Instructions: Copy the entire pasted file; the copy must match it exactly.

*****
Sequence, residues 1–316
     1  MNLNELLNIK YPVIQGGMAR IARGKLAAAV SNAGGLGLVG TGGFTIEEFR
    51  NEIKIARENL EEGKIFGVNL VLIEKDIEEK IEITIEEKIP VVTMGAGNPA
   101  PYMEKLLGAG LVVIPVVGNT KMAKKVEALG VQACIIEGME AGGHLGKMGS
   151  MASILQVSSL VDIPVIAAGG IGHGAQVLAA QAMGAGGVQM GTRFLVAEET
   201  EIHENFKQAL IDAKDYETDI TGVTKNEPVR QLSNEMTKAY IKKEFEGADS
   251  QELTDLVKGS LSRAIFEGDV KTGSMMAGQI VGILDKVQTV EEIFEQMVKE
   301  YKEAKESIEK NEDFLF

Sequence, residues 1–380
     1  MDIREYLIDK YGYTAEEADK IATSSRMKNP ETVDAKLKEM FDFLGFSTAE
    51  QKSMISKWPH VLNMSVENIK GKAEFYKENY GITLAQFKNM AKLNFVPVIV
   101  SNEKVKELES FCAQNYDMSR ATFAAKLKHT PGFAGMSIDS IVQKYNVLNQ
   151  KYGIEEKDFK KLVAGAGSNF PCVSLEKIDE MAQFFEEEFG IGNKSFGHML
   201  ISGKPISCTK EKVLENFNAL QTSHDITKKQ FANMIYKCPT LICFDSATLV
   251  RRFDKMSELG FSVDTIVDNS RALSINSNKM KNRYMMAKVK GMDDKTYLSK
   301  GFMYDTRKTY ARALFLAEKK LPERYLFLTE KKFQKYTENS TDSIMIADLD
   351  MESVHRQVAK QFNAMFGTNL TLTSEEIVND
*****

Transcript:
Sequence, residues 1–316
     1  MNLNELLNIK YPVIQGGMAR IARGKLAAAV SNAGGLGLVG TGGFTIEEFR
    51  NEIKIARENL EEGKIFGVNL VLIEKDIEEK IEITIEEKIP VVTMGAGNPA
   101  PYMEKLLGAG LVVIPVVGNT KMAKKVEALG VQACIIEGME AGGHLGKMGS
   151  MASILQVSSL VDIPVIAAGG IGHGAQVLAA QAMGAGGVQM GTRFLVAEET
   201  EIHENFKQAL IDAKDYETDI TGVTKNEPVR QLSNEMTKAY IKKEFEGADS
   251  QELTDLVKGS LSRAIFEGDV KTGSMMAGQI VGILDKVQTV EEIFEQMVKE
   301  YKEAKESIEK NEDFLF

Sequence, residues 1–380
     1  MDIREYLIDK YGYTAEEADK IATSSRMKNP ETVDAKLKEM FDFLGFSTAE
    51  QKSMISKWPH VLNMSVENIK GKAEFYKENY GITLAQFKNM AKLNFVPVIV
   101  SNEKVKELES FCAQNYDMSR ATFAAKLKHT PGFAGMSIDS IVQKYNVLNQ
   151  KYGIEEKDFK KLVAGAGSNF PCVSLEKIDE MAQFFEEEFG IGNKSFGHML
   201  ISGKPISCTK EKVLENFNAL QTSHDITKKQ FANMIYKCPT LICFDSATLV
   251  RRFDKMSELG FSVDTIVDNS RALSINSNKM KNRYMMAKVK GMDDKTYLSK
   301  GFMYDTRKTY ARALFLAEKK LPERYLFLTE KKFQKYTENS TDSIMIADLD
   351  MESVHRQVAK QFNAMFGTNL TLTSEEIVND